For me there were also several other stories of considerable interest. Perhaps the most obvious “big” story is the advancement of JAK inhibitors for rheumatoid arthritis. Many trials were being presented on several different compounds, all confirming the very good efficacy of this class of drugs. Side effects and safety are different between JAK inhibitors and TNF inhibitors, and rheumatologists will have to keep this in mind, but hopefully having more therapeutic options will allow patients to do better. At this time, US rheumatologists are getting more and more experienced with the approved drug tofacitinib, while European colleagues have just this year received the green light for using both tofacitinib and baricitinib.

Osteoarthritis has long remained a disease with very few medical therapeutic options, other than symptomatic relief. This may now be changing. A late-breaking abstract reported on a clinical trial with injections of sprifermin into the osteoarthritic knee, and another trial with an oral Cathepsin K antagonist in OA was presented as a poster by Conaghan et al. In both trials, the intervention was shown almost completely to halt the progressive loss of cartilage that is the hallmark of the disease. If these results are confirmed, we may soon see the emergence of true “disease-modifying” drugs for OA.

The topic of biosimilars received a lot of attention at this congress, not least through a “Great Debate” on the topic. Clearly, biosimilars have entered the rheumatological therapeutic armamentarium, perhaps more so in Europe than in the USA. The “point” of having biosimilars is quite clear: it is not so much the well-being of the individual patient, but the perspective of major cost reductions for this expensive class of drugs. Those who are most idealistically-minded will argue that this should make biological medications available for more patients, both in the individual countries and worldwide. More cynically inclined colleagues will argue that the financial benefit will be picked up by the health insurers and hardly benefit the individual patients at all. I hope the idealistis will at least be partly correct!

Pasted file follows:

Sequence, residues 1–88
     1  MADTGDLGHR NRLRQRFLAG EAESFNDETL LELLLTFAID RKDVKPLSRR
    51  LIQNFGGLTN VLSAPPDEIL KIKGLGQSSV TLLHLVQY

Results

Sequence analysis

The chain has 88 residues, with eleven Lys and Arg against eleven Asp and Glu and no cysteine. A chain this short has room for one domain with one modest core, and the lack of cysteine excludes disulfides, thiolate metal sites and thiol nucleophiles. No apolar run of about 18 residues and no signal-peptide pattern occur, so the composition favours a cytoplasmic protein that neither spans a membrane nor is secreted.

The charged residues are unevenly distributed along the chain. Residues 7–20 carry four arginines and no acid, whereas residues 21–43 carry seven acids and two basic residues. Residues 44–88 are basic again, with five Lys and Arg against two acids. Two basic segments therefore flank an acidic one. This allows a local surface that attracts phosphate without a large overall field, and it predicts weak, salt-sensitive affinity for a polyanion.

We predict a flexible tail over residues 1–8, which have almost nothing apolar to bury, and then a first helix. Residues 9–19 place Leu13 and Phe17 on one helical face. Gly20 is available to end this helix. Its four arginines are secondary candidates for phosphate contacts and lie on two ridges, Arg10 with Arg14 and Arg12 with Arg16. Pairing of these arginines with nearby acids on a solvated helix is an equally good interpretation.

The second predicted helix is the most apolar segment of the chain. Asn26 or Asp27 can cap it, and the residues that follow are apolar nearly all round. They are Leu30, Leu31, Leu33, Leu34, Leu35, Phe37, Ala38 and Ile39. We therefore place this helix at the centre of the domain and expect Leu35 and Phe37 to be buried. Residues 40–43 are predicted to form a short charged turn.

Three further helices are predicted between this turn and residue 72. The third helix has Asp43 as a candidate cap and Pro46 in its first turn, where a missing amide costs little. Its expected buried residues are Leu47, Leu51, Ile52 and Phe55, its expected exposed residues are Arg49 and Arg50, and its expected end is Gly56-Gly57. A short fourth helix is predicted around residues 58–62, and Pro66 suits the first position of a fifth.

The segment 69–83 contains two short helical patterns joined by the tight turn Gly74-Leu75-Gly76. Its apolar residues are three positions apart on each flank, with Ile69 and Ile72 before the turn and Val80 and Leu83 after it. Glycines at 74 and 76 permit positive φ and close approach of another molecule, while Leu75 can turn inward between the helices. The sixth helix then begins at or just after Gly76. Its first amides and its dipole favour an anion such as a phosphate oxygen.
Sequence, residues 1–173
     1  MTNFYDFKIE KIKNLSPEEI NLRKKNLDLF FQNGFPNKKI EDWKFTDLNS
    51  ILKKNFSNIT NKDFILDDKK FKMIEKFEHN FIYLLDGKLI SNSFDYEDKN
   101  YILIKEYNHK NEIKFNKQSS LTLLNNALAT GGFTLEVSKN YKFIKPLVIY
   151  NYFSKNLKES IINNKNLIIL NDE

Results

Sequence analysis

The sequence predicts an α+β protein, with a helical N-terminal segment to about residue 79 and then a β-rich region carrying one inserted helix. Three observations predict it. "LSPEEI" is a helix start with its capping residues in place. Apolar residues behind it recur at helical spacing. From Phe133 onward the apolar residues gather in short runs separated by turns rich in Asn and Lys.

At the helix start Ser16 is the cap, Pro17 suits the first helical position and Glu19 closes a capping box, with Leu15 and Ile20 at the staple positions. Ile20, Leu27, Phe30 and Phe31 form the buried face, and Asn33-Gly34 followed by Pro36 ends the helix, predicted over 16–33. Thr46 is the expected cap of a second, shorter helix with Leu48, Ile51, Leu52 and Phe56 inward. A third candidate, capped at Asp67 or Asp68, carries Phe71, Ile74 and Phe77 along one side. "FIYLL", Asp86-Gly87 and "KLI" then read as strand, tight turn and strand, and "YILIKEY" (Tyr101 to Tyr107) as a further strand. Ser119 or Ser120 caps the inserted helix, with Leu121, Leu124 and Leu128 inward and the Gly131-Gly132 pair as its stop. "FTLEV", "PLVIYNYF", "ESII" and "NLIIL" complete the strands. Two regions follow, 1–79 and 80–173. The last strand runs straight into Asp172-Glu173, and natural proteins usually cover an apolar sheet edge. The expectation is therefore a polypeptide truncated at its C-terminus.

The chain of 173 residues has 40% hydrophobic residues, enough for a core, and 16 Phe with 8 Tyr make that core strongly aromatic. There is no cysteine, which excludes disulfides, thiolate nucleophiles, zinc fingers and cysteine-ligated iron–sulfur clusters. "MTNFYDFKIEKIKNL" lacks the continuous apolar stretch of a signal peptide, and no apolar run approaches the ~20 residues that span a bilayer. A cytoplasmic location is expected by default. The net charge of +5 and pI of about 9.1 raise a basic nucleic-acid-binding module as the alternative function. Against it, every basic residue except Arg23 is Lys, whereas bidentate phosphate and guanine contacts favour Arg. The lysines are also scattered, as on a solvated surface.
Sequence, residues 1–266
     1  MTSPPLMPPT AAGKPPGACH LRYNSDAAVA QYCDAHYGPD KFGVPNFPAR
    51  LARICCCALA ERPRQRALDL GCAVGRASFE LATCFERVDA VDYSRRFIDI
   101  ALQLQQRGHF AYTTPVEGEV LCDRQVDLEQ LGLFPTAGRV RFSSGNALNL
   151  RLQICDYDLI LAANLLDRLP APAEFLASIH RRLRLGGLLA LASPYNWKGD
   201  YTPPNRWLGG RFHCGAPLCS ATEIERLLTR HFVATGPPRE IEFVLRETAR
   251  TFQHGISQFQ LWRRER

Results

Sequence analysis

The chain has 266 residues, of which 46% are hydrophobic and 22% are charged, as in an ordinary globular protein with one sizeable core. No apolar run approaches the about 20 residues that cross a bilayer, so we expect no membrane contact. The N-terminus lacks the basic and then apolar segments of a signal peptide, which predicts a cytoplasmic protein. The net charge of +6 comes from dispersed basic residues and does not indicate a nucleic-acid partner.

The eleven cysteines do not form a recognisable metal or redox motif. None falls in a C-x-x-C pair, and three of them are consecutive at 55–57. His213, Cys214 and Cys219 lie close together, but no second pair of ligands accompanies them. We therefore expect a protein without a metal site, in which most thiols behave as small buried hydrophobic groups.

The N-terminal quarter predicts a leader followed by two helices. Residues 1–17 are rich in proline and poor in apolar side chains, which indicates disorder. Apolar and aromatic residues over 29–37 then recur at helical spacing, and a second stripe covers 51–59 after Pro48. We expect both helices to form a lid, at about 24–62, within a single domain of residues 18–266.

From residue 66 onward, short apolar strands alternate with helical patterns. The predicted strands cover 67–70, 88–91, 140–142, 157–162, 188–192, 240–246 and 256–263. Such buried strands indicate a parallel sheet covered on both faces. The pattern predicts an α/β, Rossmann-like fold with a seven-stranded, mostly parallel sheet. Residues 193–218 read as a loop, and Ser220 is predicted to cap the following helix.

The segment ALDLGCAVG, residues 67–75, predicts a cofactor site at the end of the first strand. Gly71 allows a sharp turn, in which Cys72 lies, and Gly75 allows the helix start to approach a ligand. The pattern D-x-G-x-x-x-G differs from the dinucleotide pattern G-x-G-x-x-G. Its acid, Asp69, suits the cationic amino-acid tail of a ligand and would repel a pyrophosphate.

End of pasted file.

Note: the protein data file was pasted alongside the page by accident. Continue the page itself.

On this topic, new data from the Danish DANBIO registry were presented. In Denmark, switching from the more expensive “originator” to the less expensive “biosimilar” has been made mandatory, and the registry tracks the results in practice. It turns out that the vast majority of patients (>90%) had no discernible worsening after such a switch. Those few patients who do experience a worsening may well have a naturally occurring flare rather than one caused by the switch, or even a genuine “nocebo” effect – the worsening of disease in anticipation of an intervention seen as negative. Taken together with many other data, these results would support the practice of switching under close monitoring of the patient.

All in all, this was an excellent congress. I cannot help mentioning that the Amsterdam Rheumatology and Immunology Center was very well represented, with several oral presentations, and many more posters. We hope to continue this tradition next year in Chicago, and to see you all there!

Ronald van Vollenhoven
Director, Amsterdam Rheumatology and Immunology Center, Amsterdam, The Netherlands
Co-Editor-in-Chief, Lupus Science & Medicine

Conflicts of interest
In the past two years, I have received:
– research support and grants from: AbbVie, BMS, GSK, Pfizer, UCB
– consultancy fees or honoraria from: AbbVie, AstraZeneca, Biotest, BMS, Celgene, Crescendo, GSK, Janssen, Lilly, Novartis, Pfizer, Roche, UCB